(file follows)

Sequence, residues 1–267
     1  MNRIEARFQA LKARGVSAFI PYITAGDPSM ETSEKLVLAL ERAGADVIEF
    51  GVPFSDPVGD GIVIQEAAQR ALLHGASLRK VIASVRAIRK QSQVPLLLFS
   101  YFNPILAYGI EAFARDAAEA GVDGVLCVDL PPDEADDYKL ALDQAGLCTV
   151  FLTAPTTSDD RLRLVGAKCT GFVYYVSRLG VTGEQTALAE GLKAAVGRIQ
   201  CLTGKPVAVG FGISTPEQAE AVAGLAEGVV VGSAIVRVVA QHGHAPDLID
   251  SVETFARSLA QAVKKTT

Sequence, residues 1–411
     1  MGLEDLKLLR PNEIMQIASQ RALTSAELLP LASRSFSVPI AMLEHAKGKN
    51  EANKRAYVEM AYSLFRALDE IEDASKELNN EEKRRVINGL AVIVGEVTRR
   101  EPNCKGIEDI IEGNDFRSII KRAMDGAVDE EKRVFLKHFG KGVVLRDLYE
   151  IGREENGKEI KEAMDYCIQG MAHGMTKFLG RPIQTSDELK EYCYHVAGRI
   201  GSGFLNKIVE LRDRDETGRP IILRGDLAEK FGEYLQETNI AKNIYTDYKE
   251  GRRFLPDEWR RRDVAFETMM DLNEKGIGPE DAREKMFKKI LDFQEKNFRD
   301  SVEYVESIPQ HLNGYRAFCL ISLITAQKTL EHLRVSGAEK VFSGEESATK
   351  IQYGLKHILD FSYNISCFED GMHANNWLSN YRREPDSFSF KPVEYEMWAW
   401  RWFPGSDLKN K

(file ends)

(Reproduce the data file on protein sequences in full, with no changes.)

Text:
Sequence, residues 1–267
     1  MNRIEARFQA LKARGVSAFI PYITAGDPSM ETSEKLVLAL ERAGADVIEF
    51  GVPFSDPVGD GIVIQEAAQR ALLHGASLRK VIASVRAIRK QSQVPLLLFS
   101  YFNPILAYGI EAFARDAAEA GVDGVLCVDL PPDEADDYKL ALDQAGLCTV
   151  FLTAPTTSDD RLRLVGAKCT GFVYYVSRLG VTGEQTALAE GLKAAVGRIQ
   201  CLTGKPVAVG FGISTPEQAE AVAGLAEGVV VGSAIVRVVA QHGHAPDLID
   251  SVETFARSLA QAVKKTT

Sequence, residues 1–411
     1  MGLEDLKLLR PNEIMQIASQ RALTSAELLP LASRSFSVPI AMLEHAKGKN
    51  EANKRAYVEM AYSLFRALDE IEDASKELNN EEKRRVINGL AVIVGEVTRR
   101  EPNCKGIEDI IEGNDFRSII KRAMDGAVDE EKRVFLKHFG KGVVLRDLYE
   151  IGREENGKEI KEAMDYCIQG MAHGMTKFLG RPIQTSDELK EYCYHVAGRI
   201  GSGFLNKIVE LRDRDETGRP IILRGDLAEK FGEYLQETNI AKNIYTDYKE
   251  GRRFLPDEWR RRDVAFETMM DLNEKGIGPE DAREKMFKKI LDFQEKNFRD
   301  SVEYVESIPQ HLNGYRAFCL ISLITAQKTL EHLRVSGAEK VFSGEESATK
   351  IQYGLKHILD FSYNISCFED GMHANNWLSN YRREPDSFSF KPVEYEMWAW
   401  RWFPGSDLKN K